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COVID-19 shots may not work fully for transplant patients, some others with immune issues

Pfizer vaccines are stored in a secure, locked

Pfizer vaccines are stored in a secure, locked cage in the basement of Ohio State's Schottenstein Center.  Credit: TNS/The Columbus Dispatch/Doral Chenoweth

COVID-19 shots may not work fully or at all for millions of immunocompromised Americans, about 3% to 4% of the U.S. population.

Emerging research shows that 15% to 80% of those with certain conditions, such as specific blood cancers or who have had organ transplants, are generating few antibodies.

Federal health officials' decision last week to rescind almost all masking and distancing recommendations for those who are fully vaccinated only added to the sense of fear, isolation and confusion for those with immune issues. On Twitter and other social media platforms, many such patients expressed frustration that the change might leave them with less — not more — freedom as their risk of infection grows as more of their neighbors and co-workers ditch their masks.

Maria Hoffman's adopted hometown of Charleston, South Carolina, is hopping — with restaurants and bars fully open, park concerts in full swing and maskless friends reuniting with hugs on streets. Hoffman, 39, is fully vaccinated and eager to rejoin the world.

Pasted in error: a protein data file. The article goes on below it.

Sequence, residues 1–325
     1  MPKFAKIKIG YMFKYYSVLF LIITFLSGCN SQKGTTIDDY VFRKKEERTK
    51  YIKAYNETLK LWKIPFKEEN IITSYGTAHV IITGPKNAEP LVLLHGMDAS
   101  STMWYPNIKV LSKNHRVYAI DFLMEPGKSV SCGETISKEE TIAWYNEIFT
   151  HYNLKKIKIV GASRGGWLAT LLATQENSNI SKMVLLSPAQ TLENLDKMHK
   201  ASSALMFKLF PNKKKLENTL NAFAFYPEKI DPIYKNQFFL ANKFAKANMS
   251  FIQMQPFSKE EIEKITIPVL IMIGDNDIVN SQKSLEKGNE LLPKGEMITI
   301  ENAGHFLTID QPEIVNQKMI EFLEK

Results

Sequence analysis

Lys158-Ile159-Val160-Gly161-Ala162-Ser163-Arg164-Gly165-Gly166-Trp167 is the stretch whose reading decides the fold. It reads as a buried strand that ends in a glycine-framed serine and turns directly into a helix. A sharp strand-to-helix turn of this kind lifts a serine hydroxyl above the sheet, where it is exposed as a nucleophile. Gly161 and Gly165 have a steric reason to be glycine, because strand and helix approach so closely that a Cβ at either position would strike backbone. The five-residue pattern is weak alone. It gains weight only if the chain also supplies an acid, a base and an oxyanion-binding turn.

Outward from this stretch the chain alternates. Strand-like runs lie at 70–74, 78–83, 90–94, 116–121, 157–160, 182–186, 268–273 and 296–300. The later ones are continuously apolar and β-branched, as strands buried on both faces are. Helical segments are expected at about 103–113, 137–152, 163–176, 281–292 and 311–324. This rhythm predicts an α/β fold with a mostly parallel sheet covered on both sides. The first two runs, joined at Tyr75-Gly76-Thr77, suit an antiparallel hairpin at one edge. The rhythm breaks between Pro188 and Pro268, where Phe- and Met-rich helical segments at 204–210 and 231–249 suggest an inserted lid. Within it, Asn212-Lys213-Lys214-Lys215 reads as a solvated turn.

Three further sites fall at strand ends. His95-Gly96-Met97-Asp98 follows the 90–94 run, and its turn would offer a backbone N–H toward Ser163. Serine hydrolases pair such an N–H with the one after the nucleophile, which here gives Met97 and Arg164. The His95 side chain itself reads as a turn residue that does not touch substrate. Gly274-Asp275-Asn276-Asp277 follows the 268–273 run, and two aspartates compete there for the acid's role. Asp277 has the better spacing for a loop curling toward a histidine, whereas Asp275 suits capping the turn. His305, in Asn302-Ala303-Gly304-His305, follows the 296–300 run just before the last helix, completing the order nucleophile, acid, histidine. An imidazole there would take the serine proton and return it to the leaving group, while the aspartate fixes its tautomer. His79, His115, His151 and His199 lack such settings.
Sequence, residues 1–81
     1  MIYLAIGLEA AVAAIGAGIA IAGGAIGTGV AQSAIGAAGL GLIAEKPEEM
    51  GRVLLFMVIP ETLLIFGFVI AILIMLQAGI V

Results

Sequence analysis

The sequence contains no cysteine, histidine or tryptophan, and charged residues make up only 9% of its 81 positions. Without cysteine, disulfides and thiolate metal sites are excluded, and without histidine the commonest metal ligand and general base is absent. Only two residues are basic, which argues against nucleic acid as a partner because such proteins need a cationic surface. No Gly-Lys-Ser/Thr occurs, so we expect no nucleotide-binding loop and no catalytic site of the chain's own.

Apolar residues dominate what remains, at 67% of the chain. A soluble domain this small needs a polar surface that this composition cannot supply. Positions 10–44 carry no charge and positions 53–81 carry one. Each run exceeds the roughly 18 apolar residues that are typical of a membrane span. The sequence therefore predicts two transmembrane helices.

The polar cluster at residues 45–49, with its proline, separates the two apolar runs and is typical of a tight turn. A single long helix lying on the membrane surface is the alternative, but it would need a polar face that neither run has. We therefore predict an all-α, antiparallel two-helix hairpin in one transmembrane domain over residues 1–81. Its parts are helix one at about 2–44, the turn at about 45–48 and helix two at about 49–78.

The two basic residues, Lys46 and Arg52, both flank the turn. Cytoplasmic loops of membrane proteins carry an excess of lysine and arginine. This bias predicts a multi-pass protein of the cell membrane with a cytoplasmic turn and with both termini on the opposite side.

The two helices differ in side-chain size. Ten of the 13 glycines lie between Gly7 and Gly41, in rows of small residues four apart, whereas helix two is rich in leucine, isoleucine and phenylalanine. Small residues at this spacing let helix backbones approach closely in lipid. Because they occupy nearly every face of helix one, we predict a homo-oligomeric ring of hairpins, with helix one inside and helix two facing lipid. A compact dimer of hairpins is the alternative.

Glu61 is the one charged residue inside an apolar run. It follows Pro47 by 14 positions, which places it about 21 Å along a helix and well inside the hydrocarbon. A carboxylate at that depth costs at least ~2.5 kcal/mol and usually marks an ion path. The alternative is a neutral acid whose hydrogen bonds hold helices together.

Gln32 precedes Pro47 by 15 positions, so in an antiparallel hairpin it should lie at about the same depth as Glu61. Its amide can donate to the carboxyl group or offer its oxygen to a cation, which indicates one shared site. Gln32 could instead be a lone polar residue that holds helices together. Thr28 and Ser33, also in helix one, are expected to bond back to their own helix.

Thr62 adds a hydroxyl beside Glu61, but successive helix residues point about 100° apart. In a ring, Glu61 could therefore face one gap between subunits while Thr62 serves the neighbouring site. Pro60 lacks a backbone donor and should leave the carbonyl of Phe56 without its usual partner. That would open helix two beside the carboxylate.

But as a kidney transplant patient, she is hesitant to participate for fear of becoming infected. "Risk is very different for people in my situation," she said. "I am 100% acting like I am not immunized."

Hoffman, who has been advised by her doctors to act as though she never got the shots, recounted how she visited a grocery store Thursday but became anxious and left after a maskless man struck up a conversation. "If you aren't wearing a mask, we can't make you now," she said.

Vaccine makers excluded immunocompromised people from their clinical trials in an understandable rush to develop a way to protect as many people as quickly as possible. As a result, there's limited information about how this group is reacting to the shots, as well as to the loosening of Centers for Disease Control and Prevention restrictions.

The ability of such patients to fend off the novel coronavirus is not just a footnote in the pandemic involving one unlucky group — but potentially a critical part of the narrative about how new, more contagious variants are continuing to emerge worldwide.

The interaction between immunocompromised people and the virus is perhaps one of the pandemic's most fraught questions. Case studies have detailed how some patients can have active infections for many months — resulting in questions about whether they can act as incubators for mutations that lead to new variants and underscoring the need for an effective vaccine strategy not just for their sake, but for the greater good.

CDC Director Rochelle Walensky and White House adviser Anthony Fauci highlighted the challenges of such patients and the vaccines in a recent news briefing in which they acknowledged that the first documented case of the so-called New York variant, B. 1.526, was found in a patient with advanced AIDS.

"Early studies actually show that these variants could emerge in a single host — in a single immunocompromised host," Walensky said.